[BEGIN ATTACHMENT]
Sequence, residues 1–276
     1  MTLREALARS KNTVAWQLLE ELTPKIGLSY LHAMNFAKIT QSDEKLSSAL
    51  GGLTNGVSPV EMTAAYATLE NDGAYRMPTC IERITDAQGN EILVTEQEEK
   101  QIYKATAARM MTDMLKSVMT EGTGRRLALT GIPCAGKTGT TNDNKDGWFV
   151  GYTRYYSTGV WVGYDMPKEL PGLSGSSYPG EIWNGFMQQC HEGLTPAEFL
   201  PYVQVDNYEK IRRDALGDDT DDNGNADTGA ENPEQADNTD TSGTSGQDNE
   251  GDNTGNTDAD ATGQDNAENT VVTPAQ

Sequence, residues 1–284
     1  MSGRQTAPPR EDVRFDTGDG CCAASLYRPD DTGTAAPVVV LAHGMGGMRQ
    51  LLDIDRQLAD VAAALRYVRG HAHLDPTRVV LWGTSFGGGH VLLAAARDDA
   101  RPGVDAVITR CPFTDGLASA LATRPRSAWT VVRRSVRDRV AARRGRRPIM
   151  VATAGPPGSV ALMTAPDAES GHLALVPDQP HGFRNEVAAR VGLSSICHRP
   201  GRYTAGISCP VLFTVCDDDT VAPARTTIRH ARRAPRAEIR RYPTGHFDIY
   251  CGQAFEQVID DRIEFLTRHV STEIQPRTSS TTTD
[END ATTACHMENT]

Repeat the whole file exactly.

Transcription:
Sequence, residues 1–276
     1  MTLREALARS KNTVAWQLLE ELTPKIGLSY LHAMNFAKIT QSDEKLSSAL
    51  GGLTNGVSPV EMTAAYATLE NDGAYRMPTC IERITDAQGN EILVTEQEEK
   101  QIYKATAARM MTDMLKSVMT EGTGRRLALT GIPCAGKTGT TNDNKDGWFV
   151  GYTRYYSTGV WVGYDMPKEL PGLSGSSYPG EIWNGFMQQC HEGLTPAEFL
   201  PYVQVDNYEK IRRDALGDDT DDNGNADTGA ENPEQADNTD TSGTSGQDNE
   251  GDNTGNTDAD ATGQDNAENT VVTPAQ

Sequence, residues 1–284
     1  MSGRQTAPPR EDVRFDTGDG CCAASLYRPD DTGTAAPVVV LAHGMGGMRQ
    51  LLDIDRQLAD VAAALRYVRG HAHLDPTRVV LWGTSFGGGH VLLAAARDDA
   101  RPGVDAVITR CPFTDGLASA LATRPRSAWT VVRRSVRDRV AARRGRRPIM
   151  VATAGPPGSV ALMTAPDAES GHLALVPDQP HGFRNEVAAR VGLSSICHRP
   201  GRYTAGISCP VLFTVCDDDT VAPARTTIRH ARRAPRAEIR RYPTGHFDIY
   251  CGQAFEQVID DRIEFLTRHV STEIQPRTSS TTTD